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Skyroot to sign agreement with govt, test fires solid fuel engine

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By Venkatachari Jagannathan

Chennai, Dec 28 (IANS) Private sector rocket maker ‘Skyroot Aerospace’ that successfully test fired a solid propulsion rocket stage/engine called ‘Kalam-5’ recently, will soon sign a Non-Disclosure Agreement (NDA) with the Department of Space (DoS) to use the facilities of Indian Space Research Organisation (ISRO), said a top company official.

He also said the Central government should set up a ‘Space Fund’ to finance the space sector startups as the business takes a long gestation time and ISRO should expedite the building of its second rocket port at Kulasekarapattinam in Tamil Nadu.

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“We recently test fired a solid propulsion rocket stage — ‘Kalam-5’. It is a demonstrator solid rocket propulsion stage with exactly the same propellant, materials and interfaces as the three solid propulsion stages of ‘Vikram-1’ rocket,” Pawan Kumar Chandana, Co-Founder and CEO, told IANS.

According to him, the special feature of the engine is that it is built with advanced carbon composite structure in a completely automated process. The carbon composite case is very challenging to design and manufacture but is five times lighter than steel.

The engine was tested at Solar Industries, India’s largest explosive manufacturers and also an investor in Skyroot.

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In August 2020, Skyroot test fired its Raman engine. With Kalam-5, Skyroot has successfully demonstrated all its propulsion technologies in ‘Vikram-1’ rocket.

“The ‘Vikram-1’ rocket has three solid fuel-powered stages each with a burn time ranging between 80 and 100 seconds. The full scale solid fuel stage will be tested at the ISRO facility soon. The burn time will be 100 seconds,” Chandana said.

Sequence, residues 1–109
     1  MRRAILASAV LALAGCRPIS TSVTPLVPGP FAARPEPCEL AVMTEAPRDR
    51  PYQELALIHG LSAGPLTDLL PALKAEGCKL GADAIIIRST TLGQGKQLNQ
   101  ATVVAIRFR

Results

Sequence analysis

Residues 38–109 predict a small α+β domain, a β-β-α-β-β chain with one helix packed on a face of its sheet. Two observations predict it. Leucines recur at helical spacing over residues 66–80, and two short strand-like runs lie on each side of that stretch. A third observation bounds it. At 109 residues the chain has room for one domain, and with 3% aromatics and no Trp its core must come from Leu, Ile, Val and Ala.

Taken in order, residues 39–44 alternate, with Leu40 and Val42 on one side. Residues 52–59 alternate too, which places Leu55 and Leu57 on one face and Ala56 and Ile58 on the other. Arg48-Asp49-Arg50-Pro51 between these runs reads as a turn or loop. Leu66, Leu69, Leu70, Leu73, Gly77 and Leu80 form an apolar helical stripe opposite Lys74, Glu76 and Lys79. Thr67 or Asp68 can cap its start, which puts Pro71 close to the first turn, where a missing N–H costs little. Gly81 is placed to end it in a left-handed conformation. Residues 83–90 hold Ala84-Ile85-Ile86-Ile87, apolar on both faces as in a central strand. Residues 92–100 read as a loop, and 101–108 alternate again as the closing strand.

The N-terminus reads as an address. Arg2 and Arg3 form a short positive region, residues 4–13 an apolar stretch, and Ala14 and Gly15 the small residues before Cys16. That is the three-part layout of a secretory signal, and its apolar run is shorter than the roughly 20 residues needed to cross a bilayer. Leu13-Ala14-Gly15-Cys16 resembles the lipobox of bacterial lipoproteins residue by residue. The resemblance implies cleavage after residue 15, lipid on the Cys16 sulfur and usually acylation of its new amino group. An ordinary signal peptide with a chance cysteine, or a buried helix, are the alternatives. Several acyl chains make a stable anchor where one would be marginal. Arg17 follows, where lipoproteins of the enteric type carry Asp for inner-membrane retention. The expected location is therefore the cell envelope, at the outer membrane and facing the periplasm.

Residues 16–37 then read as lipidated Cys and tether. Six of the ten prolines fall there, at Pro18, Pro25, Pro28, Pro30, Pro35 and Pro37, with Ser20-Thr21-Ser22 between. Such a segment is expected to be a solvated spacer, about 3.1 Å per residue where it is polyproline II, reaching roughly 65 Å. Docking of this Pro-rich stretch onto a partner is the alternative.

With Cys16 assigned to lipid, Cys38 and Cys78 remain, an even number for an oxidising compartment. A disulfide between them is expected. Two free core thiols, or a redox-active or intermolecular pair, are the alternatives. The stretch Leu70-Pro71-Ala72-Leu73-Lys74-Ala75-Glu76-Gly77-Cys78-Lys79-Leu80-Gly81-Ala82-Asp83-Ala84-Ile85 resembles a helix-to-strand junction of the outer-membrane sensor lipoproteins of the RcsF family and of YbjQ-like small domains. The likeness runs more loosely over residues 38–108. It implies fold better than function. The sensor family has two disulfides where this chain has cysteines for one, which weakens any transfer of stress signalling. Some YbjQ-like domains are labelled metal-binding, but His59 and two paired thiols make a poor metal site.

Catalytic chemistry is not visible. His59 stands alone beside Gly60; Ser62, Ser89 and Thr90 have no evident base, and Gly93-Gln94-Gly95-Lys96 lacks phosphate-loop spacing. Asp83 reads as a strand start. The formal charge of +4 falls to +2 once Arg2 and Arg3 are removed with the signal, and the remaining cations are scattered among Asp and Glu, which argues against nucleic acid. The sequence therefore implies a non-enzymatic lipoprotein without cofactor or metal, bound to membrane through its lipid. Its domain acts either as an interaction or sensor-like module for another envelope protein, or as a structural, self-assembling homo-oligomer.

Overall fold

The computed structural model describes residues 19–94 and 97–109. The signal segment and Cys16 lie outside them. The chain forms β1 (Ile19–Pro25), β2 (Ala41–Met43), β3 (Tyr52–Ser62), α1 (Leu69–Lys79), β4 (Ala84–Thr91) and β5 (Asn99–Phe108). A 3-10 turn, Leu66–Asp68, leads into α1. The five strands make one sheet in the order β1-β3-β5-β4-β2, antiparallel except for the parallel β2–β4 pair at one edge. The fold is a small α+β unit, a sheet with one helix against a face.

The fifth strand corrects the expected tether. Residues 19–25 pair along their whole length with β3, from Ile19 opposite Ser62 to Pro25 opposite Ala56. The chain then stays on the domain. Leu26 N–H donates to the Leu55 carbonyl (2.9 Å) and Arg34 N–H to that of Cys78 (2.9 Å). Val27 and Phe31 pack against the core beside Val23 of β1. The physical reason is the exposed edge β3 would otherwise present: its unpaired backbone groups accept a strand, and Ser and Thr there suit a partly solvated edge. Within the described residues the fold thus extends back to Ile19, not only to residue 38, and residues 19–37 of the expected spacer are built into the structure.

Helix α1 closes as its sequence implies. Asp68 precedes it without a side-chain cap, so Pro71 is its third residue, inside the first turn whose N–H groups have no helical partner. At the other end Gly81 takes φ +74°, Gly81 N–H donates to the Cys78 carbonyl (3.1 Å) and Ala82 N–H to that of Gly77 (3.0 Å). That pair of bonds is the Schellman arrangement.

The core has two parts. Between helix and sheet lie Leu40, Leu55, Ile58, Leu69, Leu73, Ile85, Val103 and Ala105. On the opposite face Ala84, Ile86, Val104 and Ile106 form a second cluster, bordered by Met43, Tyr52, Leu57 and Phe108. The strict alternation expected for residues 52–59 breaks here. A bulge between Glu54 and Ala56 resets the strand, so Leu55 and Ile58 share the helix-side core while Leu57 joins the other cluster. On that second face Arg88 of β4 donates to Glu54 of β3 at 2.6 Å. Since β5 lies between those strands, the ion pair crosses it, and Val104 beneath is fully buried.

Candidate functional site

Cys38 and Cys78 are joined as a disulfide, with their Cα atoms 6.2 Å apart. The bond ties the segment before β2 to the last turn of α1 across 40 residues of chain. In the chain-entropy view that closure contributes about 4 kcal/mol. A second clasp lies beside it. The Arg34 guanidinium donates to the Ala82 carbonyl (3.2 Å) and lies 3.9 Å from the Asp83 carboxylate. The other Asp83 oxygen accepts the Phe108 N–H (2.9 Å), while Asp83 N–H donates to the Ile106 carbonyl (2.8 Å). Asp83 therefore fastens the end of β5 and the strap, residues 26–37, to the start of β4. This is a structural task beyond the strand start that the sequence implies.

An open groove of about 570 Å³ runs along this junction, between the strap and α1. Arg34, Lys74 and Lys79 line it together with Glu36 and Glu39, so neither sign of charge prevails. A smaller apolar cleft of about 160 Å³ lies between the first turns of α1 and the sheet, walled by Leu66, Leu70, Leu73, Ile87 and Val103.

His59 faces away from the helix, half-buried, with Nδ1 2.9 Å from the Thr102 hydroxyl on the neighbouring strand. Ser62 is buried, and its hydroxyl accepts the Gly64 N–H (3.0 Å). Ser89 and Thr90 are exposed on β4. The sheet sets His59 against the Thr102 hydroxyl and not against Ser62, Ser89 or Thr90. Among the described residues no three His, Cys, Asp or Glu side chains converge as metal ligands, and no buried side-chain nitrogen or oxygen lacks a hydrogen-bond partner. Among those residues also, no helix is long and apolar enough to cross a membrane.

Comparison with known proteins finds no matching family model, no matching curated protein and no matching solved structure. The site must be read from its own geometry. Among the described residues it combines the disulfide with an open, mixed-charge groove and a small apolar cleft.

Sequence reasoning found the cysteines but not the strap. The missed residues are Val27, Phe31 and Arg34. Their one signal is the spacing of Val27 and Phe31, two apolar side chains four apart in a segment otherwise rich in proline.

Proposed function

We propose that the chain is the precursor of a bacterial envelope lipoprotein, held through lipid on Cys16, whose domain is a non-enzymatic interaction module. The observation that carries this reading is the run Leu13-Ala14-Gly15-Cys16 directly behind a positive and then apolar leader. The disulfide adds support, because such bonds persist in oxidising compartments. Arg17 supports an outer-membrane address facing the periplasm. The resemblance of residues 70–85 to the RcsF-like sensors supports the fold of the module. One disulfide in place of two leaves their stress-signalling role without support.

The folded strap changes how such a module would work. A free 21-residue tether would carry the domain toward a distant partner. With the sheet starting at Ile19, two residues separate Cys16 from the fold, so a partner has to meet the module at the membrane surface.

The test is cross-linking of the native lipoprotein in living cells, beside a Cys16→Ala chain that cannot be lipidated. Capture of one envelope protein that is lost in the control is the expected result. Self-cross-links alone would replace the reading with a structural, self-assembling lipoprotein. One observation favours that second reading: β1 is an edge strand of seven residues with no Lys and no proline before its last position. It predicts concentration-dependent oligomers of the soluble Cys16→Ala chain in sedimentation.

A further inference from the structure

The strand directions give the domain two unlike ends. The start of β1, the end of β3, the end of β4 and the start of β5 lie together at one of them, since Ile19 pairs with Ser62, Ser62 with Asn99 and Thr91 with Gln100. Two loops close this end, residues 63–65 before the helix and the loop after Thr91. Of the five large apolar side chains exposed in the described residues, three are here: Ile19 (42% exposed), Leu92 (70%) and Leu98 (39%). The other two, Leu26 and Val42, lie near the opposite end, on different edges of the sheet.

“We will be signing the non-disclosure agreement with the Department of Space in order to get access to ISRO facilities. The full scale solid fuel stage will be tested at ISRO’s rocket port in Sriharikota in Andhra Pradesh,” Chandana added.

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Solid motors are high thrust, low-cost rocket engines with propellant in solid form. They are highly reliable as they have very few moving parts.

Chandana said Vikram-1’s first three stages are powered by solid fuel stages and the fourth one or the kick-up stage is powered by liquid fuel.

Skyroot has raised $4.3 million till date and is in the process of raising another $15 million in 2021, he added.

“Like other countries, the Indian government should set up a ‘Space Fund’ to finance space sector startups. The players need long-term finance as it is a long gestation business and there are not many private financiers to provide the funds,” Chandana said.

He also said the construction of the second rocket port at Kulasekarapattinam in Tamil Nadu should be expedited so that less fuel could be expended while flying rockets to put the satellites into orbit.

(Venkatachari Jagannathan can be contacted at [email protected])

–IANS

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